Many software loopholes and vulnerabilities can be mitigated by using basic cyber hygiene, such as limiting the use of administrative privileges. It is not uncommon for end users to have administrative privileges allowed on their user accounts for convenience and flexibility. However, the United States Center for Internet Security (CIS) has reported that the misuse of administrative privileges is a “primary method” for attackers.13
An essential step that radiologists and technicians can take to mitigate these risks is to ensure their IT department utilizes what is known as a continuous vulnerability and patch management system that regularly updates operating systems, applications, and firmware to adhere to medical device advisory released by CISA. Any legacy systems that can no longer be updated should be replaced.14 Other examples of vulnerabilities identified by CISA include older versions of DICOM servers, which transmit messages in unprotected, clear-text format that can be exploited if an attacker has access to the network15 and methods of hiding malware within DICOM files.16 DICOM servers that are connected to the internet should be protected by a firewall and require a VPN connection and password to be accessed via the internet.17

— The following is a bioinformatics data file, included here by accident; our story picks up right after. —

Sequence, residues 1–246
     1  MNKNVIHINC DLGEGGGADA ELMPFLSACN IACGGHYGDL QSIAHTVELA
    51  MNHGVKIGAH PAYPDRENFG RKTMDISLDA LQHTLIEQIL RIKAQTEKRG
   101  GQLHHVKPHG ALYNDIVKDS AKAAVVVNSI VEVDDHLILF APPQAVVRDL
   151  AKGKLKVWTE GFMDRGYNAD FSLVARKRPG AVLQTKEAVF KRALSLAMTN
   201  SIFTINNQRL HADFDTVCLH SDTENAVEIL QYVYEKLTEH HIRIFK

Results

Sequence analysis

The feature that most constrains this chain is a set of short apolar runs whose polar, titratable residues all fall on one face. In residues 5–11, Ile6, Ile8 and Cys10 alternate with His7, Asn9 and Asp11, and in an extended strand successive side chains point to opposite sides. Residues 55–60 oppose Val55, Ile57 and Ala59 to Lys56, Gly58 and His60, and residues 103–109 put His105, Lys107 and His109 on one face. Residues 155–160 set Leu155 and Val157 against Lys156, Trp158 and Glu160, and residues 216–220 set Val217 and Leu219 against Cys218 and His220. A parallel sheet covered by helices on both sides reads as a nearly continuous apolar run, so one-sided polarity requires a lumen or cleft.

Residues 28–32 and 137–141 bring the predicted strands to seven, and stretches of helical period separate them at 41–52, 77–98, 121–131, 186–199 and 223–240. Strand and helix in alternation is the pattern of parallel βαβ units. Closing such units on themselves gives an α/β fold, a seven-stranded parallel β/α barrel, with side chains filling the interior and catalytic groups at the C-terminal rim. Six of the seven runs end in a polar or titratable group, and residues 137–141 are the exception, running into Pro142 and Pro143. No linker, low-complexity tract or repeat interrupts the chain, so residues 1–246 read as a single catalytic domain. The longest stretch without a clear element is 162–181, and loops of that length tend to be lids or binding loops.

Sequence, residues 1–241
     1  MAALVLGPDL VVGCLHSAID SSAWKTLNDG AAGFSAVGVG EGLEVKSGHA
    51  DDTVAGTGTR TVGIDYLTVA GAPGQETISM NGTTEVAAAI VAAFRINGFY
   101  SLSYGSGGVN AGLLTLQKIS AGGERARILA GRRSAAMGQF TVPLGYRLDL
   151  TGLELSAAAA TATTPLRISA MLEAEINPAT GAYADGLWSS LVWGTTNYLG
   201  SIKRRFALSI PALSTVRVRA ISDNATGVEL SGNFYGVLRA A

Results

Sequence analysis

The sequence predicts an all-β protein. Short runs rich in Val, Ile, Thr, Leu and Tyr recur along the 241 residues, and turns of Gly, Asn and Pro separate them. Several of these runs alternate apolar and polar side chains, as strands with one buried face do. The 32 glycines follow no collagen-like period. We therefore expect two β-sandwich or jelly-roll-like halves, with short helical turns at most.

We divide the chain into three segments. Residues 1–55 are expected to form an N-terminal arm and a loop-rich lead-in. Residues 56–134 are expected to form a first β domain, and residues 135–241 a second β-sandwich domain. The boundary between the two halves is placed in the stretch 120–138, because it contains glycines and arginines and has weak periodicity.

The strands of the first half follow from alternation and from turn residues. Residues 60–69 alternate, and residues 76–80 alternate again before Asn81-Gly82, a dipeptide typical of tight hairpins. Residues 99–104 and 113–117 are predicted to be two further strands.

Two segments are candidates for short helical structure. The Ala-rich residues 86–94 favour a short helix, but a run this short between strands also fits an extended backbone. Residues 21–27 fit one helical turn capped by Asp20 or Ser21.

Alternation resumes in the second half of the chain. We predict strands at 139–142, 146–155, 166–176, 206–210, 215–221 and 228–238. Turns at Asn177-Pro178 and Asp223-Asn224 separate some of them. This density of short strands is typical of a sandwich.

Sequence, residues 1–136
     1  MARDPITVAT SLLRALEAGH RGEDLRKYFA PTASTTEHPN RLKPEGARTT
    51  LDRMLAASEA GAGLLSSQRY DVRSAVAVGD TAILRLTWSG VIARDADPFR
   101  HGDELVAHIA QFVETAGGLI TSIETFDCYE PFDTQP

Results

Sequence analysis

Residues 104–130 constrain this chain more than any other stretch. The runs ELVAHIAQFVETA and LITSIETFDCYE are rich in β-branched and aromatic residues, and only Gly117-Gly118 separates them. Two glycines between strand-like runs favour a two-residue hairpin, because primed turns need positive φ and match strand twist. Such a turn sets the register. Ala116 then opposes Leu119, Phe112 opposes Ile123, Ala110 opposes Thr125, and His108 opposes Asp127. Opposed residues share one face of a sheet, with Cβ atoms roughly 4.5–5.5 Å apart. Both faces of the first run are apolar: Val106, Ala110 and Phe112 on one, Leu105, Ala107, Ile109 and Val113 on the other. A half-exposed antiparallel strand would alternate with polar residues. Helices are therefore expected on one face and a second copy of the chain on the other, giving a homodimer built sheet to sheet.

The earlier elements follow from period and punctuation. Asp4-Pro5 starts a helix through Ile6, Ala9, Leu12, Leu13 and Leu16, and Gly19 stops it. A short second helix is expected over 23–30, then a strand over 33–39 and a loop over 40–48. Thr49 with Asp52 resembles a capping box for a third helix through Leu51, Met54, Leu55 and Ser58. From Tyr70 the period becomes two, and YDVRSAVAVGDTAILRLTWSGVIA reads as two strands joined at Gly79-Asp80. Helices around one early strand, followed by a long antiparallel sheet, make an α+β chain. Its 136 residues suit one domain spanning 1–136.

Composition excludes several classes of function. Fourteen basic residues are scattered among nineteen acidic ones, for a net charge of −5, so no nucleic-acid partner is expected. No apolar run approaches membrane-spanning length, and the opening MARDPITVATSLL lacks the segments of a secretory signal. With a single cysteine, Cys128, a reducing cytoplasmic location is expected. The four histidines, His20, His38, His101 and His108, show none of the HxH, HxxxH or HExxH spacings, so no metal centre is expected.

Targeted Phishing and Malware Attacks
The most probable and oftentimes most damaging attack directed at health systems is ransomware, which is a form of malware that encrypts files on the infected computer and its shared networks and then displays a message demanding the payment of a ransom. A particularly concerning subset of ransomware is known as killware. Killware is a type of malware that causes substantial physical harm or death.18 When ransomware incapacitates medical equipment or medical records, diagnoses may may be delayed or missed and people’s lives and well-being can be put at serious risk. In these scenarios, ransomware may be considered killware. Rials suggests that ransomware attacks will continue to be a top cybersecurity threat, and variants will evolve to become more technically advanced.19 Most ransomware variants involve human interaction for the malware to be activated and spread throughout the network.20 A common injection method for ransomware is phishing, a form of social engineering that can be used to gain access to a network and then disrupt health services, steal ePHI, or target individual patients.
Another route for the delivery of malware and for data theft is via portable storage media such as universal serial bus (USB) memory sticks. Sittig and colleagues recommend that “at the local device level, organizations should consider disabling USB ports to prevent malicious software delivery.”21